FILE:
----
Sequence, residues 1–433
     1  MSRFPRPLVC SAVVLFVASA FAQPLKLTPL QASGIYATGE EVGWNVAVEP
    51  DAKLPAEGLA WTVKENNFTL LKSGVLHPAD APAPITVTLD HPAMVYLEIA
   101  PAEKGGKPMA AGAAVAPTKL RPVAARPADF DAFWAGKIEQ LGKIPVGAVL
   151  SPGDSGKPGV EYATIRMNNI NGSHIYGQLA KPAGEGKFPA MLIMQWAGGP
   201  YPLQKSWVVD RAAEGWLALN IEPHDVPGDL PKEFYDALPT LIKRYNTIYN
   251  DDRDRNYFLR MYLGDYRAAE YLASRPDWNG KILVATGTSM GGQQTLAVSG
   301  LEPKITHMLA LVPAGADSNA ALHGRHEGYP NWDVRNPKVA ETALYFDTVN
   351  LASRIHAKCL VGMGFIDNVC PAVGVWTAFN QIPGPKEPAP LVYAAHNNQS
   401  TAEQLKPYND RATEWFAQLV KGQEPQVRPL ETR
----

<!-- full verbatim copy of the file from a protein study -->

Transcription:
Sequence, residues 1–433
     1  MSRFPRPLVC SAVVLFVASA FAQPLKLTPL QASGIYATGE EVGWNVAVEP
    51  DAKLPAEGLA WTVKENNFTL LKSGVLHPAD APAPITVTLD HPAMVYLEIA
   101  PAEKGGKPMA AGAAVAPTKL RPVAARPADF DAFWAGKIEQ LGKIPVGAVL
   151  SPGDSGKPGV EYATIRMNNI NGSHIYGQLA KPAGEGKFPA MLIMQWAGGP
   201  YPLQKSWVVD RAAEGWLALN IEPHDVPGDL PKEFYDALPT LIKRYNTIYN
   251  DDRDRNYFLR MYLGDYRAAE YLASRPDWNG KILVATGTSM GGQQTLAVSG
   301  LEPKITHMLA LVPAGADSNA ALHGRHEGYP NWDVRNPKVA ETALYFDTVN
   351  LASRIHAKCL VGMGFIDNVC PAVGVWTAFN QIPGPKEPAP LVYAAHNNQS
   401  TAEQLKPYND RATEWFAQLV KGQEPQVRPL ETR